Alexander commanded a large army by Macedonian and Greek standards. As he started his expedition in 334 he had 10,000 men in his advance force already in Asia, 32,000 infantry (heavily armed phalanx-men and lightly armed, maneuverable skirmishers), and 5,000 cavalry. “The Greeks” provided significant contingents of men, and Alexander's expeditionary force probably comprised about 40 percent Macedonians, 40 percent Greeks, and 20 percent other Balkan peoples. To keep his homeland secure, Alexander left a garrison of 12,000 infantry and 1,500 cavalry under Antipater, an experienced commander of Philip's generation. Antipater was reliable. During the traditional wine-soaked dinner parties that were the mainstay of social life in Macedonia, Philip used to say, “Oh, now we really have to drink; Antipater is here to stay sober.”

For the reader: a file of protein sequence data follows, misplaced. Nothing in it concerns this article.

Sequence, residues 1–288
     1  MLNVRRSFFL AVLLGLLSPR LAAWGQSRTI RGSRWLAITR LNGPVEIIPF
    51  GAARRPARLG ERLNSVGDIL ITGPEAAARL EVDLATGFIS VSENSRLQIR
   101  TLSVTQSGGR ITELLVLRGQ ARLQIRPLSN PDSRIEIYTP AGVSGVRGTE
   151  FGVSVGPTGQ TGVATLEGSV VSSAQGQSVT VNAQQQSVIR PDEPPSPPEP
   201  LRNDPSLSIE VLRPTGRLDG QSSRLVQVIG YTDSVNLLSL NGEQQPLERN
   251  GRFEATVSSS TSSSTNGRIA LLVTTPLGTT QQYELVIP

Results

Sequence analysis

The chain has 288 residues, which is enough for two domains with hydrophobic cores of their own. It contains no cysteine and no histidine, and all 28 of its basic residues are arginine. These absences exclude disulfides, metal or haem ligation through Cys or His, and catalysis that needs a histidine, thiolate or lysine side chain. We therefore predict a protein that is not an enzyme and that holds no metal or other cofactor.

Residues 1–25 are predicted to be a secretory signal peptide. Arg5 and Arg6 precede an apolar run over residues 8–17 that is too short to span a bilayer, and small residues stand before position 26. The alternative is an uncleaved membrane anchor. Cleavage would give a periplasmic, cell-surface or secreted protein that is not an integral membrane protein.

But compared to his enemy's forces, Alexander's army was puny. Over the 200 years of its history the Persian Empire had grown vast. Its heartland, the home of the ethnic Persians, was Iran, but its provinces extended to what is now Turkey in the west, to Afghanistan and the Indus River Valley in India and Pakistan in the east, to the steppes of the Central Asian republics in the north, and to Egypt in the south. At least thirty different peoples were subjects of Persia, administered locally by regional governors called “satraps.” The imperial territory of Persia was fifty times larger than mainland Greece and Macedonia combined; its population was twenty-five times more numerous. The Great King held supreme power, ruling from great palaces in several capital cities. His subjects’ duties were to pay taxes, send soldiers to his army, and remain loyal. The Macedonians were beggars compared to the Persian king. His treasuries contained mounds of gold and silver, ready to be struck into coins at royal command. His army boasted 100,000 infantry from the many peoples of the empire, but his pride was the cavalry, 20,000 strong at full muster. The Persian navy was lavishly funded and large, with the best ships and sailors furnished by the Phoenicians, a people with centuries of experience on the sea. The Great King also employed tens of thousands of Greek mercenaries as heavy infantry – the superiority of Greeks at fighting on foot was universally recognized. An army must be able to move, and toward this end, the Persian Empire was crisscrossed with an elaborate system of roads linking the major centers. Nevertheless, the distances were vast and the terrain often rough. The empire's extent, the large ethnic diversity of the huge army, and the babble of different languages of its troops created perpetual challenges of logistics and command.